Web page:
I love words. I roll them around in my mouth and taste each. When I hear a new word, it tickles my ears and delights me. Words carry history with them and emotion. They are not formed only of letters but of feelings and experience and much more.
My obsession began when I was in eighth grade. In English class, the teacher would leave a dictionary on the desk in front of each row so we could look up a word and check spelling while we wrote a theme. I usually finished my theme early and would spend those extra minutes in that front desk, reading the dictionary, learning new words, savoring them.
No wonder I majored in English and Spanish in college: new words in two languages. I loved the study of language, the history of words. I could go on forever talking about root word, about how, in Spanish, words that began in F centuries ago changed to the letter H. Consider yourselves lucky that I’m not going to discuss the verb satisfacer and how it’s conjugated.
My favorite word is from Spanish: carcajada which means a deep belly laugh. It sounds like what it means and has such beautiful rhythm.
I understand not all people love words as I do. When I got excited about a word in Spanish and attempted to explain its origen or uses or something equally fascinating to my classes, students looked at me as if I were absolutely nuts. And, yes, I may be.
Do you have a word you like? Perhaps because of meaning or sound? Please share that. I’d love to know and I won’t feel so alone.
I taught high school and college Spanish for thirty years. For the most part, I really enjoyed my students. The only way to keep teaching is to love your subject and enjoy the age you teach. And to retire before you lose your mind or hurt someone.
Often my students were funny. One October day when I was teaching in Fort Bend County outside Houston, I noticed one of the guys in class had sweat pouring down his face. His hair was wet with perspiration and he was gasping for breath. Concerned, I leaned over his desk and asked what was going on, was he sick? He said, “Mrs. Perrine, may I go to the restroom. It was cold this morning so I put on my long underwear but it’s really hot now.” What I love about people in the South is they don’t understand they never have a reason to wear long underwear.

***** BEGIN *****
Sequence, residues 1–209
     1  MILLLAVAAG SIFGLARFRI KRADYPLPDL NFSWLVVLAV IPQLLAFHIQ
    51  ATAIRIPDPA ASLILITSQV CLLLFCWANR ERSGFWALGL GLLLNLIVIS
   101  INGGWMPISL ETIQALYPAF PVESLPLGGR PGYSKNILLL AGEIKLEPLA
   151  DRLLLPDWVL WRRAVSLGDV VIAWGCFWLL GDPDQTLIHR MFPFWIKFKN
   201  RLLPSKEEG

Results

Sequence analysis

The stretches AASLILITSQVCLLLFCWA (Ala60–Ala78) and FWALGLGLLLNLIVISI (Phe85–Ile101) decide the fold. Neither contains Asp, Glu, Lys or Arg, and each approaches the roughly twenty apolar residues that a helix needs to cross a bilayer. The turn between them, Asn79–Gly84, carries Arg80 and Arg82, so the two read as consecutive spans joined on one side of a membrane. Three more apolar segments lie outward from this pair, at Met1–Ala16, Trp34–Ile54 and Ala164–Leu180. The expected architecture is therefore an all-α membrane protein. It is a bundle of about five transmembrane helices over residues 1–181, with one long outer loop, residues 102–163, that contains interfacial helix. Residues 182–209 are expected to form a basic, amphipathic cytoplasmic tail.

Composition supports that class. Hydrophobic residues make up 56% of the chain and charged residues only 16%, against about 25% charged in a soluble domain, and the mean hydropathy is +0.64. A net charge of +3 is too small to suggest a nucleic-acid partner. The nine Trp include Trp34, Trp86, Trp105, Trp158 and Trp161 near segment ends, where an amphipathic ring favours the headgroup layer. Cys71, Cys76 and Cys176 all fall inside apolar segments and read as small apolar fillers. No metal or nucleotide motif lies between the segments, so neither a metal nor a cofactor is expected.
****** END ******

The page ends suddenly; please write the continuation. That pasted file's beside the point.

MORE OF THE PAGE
Another time I was talking to an upper-level Spanish class about Diego Rivera, the Mexican muralist who paint a controversial mural of Lenin in Rockefeller Center. I asked, “Does anyone know who Lenin was?” One young lady raised her hand, so excited she waved her arm and said, “I know. I know. He was one of the Beatles.”
I always attempt to be polite and not laugh when a student says something funny. I don’t want to hurt their egos but I did chuckle a little–okay, I chortled- when she said that. They are young and she was sort of close.
One student I taught, Billy, could make me laugh any time. There are some students who believe they are funny but usually aren’t. He didn’t try to be funny. He just was. He’d say seriously in a voice filled with concern, “Mrs. Perrine, I have a lot of trouble with irregular preterit tense verbs.” I know that doesn’t sound funny, but I would laugh so hard I nearly fell off my desk.
Do you have a story about something funny that happened in a classroom? I’d love to read it.
I taught Spanish for many years. Some of my students were fascinated by the Royal Spanish Academy. Composed of the best writers, grammarians and intellectuals, the group decides the rules of the language, if they changed or stay the same. They publish dictionaries and grammar texts containing the correct grammar rules and word usage. I have one, a very old one. The reason is an effort to keep the language from changing too much so, centuries latr, literature can be read and undertood, so people distant from each other can still chat without a translator.
Americans have a populist view of grammar and change the rules as we go. Although I cringe when I hear, “Where’s it at?” or “Do you want to go with?” I realize that’s just how we roll.
We’ve even changed words to accomodate people who use them incorrectly. For example: literally. Up until recently, literally meant truely or actually, as in: I was literally holding my breath until he left.
However, over the past years, people have not understood this useage and began to say things like, “I literally turned blue from holding my breath.” It seems to add emphasis.
So what did the publishers of dictionaries do? They added the second meaning: perceived as true. So now we literally have a word that means the opposite of itself: truely and not actually. But that’s how we roll.
What words or uses drive you crazy? Have you learned to accept change?